Manitoban Gothic

Local filmmaker’s dark and stirring debut is a beautifully-shot historical potboiler

  • Rebecca Sandulak

It is a dark night on the prairies. A horse shrieks in its stable. Two young women scurry towards a barn with a lantern to see what the trouble is. As the eldest shines her flickering light on the stallion in dismay, she sees the blood covering its head.

The horse is sick, and it’s their only one. Without batting an eye, she tells her sister to leave. She knows what has to be done.

“I’m so sorry,” she repeats, tears streaming down her face as she raises her shotgun towards the beast and fires.

So begins Black Field, the feature debut from Winnipeg filmmaker Danishka Esterhazy. Set in 19th century southern Manitoba, the film follows the lives of two sisters living alone on the prairies.

Since their father passed away from typhoid years previous, Maggie (Sara Canning) has been forced to take care of her young sister Rose (Ferron Guerreiro) by herself. When a charming, mysterious young French Canadian named David (Mathieu Bourguet) arrives at the isolated farm, seeking a place to stay for the night, it sets off a series of events that will change the girls’ lives forever.

Esterhazy’s tragic tale of lust, desperation and isolation was inspired by the Victorian gothic novels of the Bronte sisters, who, like Maggie and Rose, experienced tragedy firsthand at a young age – their eldest sisters also fell ill and died suddenly.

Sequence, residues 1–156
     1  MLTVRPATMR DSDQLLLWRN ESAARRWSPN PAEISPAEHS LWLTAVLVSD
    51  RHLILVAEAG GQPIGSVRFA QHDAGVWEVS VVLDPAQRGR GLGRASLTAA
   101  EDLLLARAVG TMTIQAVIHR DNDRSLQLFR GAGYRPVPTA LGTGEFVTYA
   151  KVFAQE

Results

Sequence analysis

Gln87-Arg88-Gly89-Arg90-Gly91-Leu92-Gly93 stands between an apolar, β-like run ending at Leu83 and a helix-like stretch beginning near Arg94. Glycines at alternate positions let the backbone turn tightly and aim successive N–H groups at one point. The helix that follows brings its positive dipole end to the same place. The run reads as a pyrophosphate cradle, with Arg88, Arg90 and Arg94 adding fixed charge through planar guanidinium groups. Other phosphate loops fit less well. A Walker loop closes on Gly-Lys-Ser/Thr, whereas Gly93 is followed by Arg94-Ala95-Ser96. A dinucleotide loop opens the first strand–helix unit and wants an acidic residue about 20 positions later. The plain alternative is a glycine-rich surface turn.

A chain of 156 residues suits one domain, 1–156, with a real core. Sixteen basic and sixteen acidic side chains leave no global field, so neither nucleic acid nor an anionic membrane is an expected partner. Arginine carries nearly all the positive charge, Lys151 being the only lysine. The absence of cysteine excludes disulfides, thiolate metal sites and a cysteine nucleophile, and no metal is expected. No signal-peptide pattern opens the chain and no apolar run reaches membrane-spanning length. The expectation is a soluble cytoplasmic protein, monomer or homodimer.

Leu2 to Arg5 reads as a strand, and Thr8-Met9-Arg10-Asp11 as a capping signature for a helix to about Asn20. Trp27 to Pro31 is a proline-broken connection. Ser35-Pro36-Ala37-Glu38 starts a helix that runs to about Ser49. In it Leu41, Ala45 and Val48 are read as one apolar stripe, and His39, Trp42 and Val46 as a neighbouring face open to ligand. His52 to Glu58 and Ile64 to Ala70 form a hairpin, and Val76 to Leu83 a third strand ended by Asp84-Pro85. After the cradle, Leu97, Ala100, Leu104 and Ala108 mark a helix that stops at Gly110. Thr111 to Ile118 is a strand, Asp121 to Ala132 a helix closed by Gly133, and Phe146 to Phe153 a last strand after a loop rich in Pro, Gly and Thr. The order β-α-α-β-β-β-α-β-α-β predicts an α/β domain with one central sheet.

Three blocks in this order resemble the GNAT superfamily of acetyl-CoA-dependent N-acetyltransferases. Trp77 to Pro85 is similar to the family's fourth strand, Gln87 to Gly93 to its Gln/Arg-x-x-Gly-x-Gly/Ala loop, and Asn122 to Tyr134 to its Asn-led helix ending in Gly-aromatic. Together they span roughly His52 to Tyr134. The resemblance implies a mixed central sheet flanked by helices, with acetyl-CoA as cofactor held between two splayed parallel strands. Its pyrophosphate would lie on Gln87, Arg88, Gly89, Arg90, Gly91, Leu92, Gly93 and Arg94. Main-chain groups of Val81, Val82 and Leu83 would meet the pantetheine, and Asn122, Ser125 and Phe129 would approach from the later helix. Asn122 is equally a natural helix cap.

While Esterhazy wears her dark inspiration on her sleeve, she weaves a perfectly unique and watchable yarn of her own here, creating characters of surprising depth and purpose.

Newfoundland-born actress Sara Canning deserves high praise as well, digging deep into the heart of Maggie, Esterhazy’s protective and strong but vulnerable protagonist. The hopelessness in Canning’s eyes is palpable and captivating, as Maggie desperately fights to hold their lives together when her sister suddenly goes missing and she must seek help from her distant neighbours.

Winnipeg cinematographer Paul Suderman does phenomenal work here as well, with a style reminiscent of the legendary Roger Deakins (No Country For Old Men, Fargo), perfectly capturing the harsh beauty of the prairies.

As the film twists and turns into its tragic climax, it is clear Esterhazy cares deeply about the characters she has created, delicately pushing them towards their destination. Black Field is a perfect example of independent cinema done well: a simple story featuring deeply convicted characters worth investing in, executed with precision and affection. Bravo.

Published in Volume 64, Number 26 of The Uniter (May 27, 2010)

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